Survival and metabolism of Rana arvalis during freezing
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- Voituron, Y., Paaschburg, L., Holmstrup, M. et al. J Comp Physiol B (2009) 179: 223. doi:10.1007/s00360-008-0307-3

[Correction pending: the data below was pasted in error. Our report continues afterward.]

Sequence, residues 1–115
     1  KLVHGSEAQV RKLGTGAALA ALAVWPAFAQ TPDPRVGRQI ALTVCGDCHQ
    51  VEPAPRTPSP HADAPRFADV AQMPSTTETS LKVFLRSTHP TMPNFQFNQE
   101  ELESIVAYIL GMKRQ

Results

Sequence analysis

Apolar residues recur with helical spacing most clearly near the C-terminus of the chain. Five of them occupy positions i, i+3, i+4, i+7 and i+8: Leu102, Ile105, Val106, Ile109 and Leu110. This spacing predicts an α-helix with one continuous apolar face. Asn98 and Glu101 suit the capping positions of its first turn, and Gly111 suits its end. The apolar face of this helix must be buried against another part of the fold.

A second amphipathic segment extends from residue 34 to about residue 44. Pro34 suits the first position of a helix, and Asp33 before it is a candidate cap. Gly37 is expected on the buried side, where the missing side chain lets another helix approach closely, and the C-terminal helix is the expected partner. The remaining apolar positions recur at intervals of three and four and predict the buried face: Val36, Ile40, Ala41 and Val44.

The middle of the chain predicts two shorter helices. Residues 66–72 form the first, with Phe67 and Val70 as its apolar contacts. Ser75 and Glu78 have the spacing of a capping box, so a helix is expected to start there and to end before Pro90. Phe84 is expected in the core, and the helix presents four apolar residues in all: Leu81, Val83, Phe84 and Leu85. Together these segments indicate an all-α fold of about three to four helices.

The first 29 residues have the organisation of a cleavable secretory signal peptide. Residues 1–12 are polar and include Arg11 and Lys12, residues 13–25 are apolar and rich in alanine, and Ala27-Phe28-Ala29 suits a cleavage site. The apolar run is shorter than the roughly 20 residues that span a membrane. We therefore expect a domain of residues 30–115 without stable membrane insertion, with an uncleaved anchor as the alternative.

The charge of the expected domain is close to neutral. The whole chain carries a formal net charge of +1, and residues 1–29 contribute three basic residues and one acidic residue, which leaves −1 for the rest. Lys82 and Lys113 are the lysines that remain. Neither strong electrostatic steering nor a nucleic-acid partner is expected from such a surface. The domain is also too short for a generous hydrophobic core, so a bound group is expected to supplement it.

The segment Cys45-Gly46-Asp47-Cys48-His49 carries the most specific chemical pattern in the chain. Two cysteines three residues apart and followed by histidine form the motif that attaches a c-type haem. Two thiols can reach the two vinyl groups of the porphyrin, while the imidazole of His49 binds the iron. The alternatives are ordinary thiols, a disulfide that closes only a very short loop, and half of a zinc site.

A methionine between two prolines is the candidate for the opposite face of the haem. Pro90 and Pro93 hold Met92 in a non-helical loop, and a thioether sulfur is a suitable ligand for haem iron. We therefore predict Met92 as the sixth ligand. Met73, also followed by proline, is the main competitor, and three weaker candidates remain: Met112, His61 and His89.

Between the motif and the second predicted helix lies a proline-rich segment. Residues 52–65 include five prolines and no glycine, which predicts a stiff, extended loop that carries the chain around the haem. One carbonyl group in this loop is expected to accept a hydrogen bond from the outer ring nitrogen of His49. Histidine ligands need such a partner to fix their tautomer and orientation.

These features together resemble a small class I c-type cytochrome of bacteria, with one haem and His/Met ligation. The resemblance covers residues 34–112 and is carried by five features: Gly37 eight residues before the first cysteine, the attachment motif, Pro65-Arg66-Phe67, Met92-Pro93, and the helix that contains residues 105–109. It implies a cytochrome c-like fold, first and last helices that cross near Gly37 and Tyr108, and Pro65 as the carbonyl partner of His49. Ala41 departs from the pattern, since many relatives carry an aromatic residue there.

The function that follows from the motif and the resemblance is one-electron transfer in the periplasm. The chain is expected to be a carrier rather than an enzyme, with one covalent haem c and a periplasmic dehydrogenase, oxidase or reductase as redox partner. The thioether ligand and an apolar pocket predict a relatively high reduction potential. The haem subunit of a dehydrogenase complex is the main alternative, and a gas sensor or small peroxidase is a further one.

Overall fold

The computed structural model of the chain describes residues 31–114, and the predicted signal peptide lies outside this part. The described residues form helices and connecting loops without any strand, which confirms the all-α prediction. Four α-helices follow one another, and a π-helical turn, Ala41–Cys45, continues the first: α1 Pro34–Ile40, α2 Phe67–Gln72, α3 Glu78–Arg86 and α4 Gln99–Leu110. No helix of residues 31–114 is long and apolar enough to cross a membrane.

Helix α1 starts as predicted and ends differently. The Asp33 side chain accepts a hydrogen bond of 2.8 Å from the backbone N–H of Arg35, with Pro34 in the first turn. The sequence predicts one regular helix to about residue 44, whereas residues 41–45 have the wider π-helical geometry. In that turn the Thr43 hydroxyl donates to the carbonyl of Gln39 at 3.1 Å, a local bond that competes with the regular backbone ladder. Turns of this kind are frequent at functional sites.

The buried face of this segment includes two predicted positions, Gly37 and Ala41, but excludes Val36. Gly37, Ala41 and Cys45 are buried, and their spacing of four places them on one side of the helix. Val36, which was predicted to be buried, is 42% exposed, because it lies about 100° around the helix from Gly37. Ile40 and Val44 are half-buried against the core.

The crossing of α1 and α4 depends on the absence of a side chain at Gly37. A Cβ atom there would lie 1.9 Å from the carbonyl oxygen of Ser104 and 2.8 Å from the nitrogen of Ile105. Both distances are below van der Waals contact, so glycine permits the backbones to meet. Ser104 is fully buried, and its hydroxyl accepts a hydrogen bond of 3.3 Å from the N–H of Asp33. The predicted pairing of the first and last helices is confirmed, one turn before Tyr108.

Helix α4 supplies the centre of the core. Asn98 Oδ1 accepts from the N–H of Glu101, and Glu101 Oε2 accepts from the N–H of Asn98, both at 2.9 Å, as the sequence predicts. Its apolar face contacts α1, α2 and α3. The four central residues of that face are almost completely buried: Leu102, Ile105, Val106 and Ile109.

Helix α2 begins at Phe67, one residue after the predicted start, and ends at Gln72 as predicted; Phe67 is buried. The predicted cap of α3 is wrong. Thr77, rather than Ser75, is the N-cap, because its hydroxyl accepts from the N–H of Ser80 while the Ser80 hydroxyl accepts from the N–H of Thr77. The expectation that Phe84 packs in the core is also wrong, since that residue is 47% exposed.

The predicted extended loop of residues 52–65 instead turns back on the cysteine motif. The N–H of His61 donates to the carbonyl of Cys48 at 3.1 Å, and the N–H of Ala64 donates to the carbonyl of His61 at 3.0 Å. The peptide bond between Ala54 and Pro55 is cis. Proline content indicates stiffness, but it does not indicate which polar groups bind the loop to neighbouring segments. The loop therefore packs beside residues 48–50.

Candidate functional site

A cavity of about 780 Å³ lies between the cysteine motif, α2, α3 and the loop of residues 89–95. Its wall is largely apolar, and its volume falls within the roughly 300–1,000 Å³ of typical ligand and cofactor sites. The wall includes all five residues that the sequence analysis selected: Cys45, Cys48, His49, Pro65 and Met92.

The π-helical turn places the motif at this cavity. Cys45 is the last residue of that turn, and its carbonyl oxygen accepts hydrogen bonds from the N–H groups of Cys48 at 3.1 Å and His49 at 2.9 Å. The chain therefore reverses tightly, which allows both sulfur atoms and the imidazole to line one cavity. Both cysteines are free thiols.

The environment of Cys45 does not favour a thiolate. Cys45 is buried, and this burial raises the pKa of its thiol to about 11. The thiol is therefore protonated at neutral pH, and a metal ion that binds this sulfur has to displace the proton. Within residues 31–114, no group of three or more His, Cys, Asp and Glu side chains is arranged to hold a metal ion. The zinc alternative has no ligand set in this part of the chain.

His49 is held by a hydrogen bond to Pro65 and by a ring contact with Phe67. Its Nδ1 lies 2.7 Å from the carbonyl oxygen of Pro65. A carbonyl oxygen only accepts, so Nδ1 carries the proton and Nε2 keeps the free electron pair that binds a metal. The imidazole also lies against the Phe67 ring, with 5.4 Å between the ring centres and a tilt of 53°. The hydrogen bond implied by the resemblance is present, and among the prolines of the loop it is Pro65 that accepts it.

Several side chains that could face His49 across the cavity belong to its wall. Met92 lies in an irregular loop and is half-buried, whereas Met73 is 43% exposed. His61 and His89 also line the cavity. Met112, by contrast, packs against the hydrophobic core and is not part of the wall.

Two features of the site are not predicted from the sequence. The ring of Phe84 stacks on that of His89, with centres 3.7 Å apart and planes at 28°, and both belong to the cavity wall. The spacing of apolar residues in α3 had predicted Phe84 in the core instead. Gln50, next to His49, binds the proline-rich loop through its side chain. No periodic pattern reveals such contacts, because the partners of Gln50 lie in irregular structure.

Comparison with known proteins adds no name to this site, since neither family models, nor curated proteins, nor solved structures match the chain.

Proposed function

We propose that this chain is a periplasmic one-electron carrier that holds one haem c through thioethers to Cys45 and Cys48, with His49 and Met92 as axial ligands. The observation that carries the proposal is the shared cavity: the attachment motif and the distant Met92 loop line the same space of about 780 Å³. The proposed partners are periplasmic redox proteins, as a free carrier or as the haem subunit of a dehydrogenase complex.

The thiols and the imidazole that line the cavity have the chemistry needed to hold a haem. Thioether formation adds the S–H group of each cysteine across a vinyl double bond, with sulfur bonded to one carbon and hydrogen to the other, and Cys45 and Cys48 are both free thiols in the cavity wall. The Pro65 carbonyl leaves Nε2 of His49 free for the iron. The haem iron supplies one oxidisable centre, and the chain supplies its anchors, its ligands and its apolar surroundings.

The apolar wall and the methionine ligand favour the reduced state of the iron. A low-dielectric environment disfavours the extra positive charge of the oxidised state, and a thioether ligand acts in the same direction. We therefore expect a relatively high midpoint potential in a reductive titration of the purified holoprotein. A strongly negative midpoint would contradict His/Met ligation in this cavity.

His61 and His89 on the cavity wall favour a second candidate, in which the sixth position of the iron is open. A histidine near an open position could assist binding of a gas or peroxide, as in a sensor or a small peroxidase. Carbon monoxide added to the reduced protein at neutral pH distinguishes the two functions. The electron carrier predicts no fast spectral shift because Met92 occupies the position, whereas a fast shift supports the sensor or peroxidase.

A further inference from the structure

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Freeze tolerance and changes in metabolism during freezing were investigated in the moor frog (Rana arvalis) under laboratory conditions. The data show for the first time a well-developed freeze tolerance in juveniles of a European frog capable of surviving a freezing exposure of about 72 h with a final body temperature of −3°C. A biochemical analysis showed an increase in liver and muscle glucose in response to freezing (respectively, 14-fold and 4-fold between 4 and −1°C). Lactate accumulation was only observed in the liver (4.1 ± 0.8 against 16.6 ± 2.4 μmol g−1 fresh weight (FW) between 4 and −1°C). The quantification of the respiratory metabolism of frozen frogs showed that the aerobic metabolism persists under freezing conditions (1.4 ± 0.7 μl O2 g−1 FW h−1 at −4°C) and decreases with body temperature. After thawing, the oxygen consumption rose rapidly during the first hour (6-fold to 16-fold) and continued to increase for 24 h, but at a lower rate. In early winter, juvenile R. arvalis held in an outdoor enclosure were observed to emerge from ponds and hibernate in the upper soil and litter layers. Temperature recordings in the substratum of the enclosure suggested that the hibernacula of these juvenile frogs provided sheltering from sub-zero air temperatures and reduced the time spent in a frozen state corresponding well with the observed freeze tolerance of the juveniles. This study strongly suggests that freeze tolerance of R. arvalis is an adaptive trait necessary for winter survival.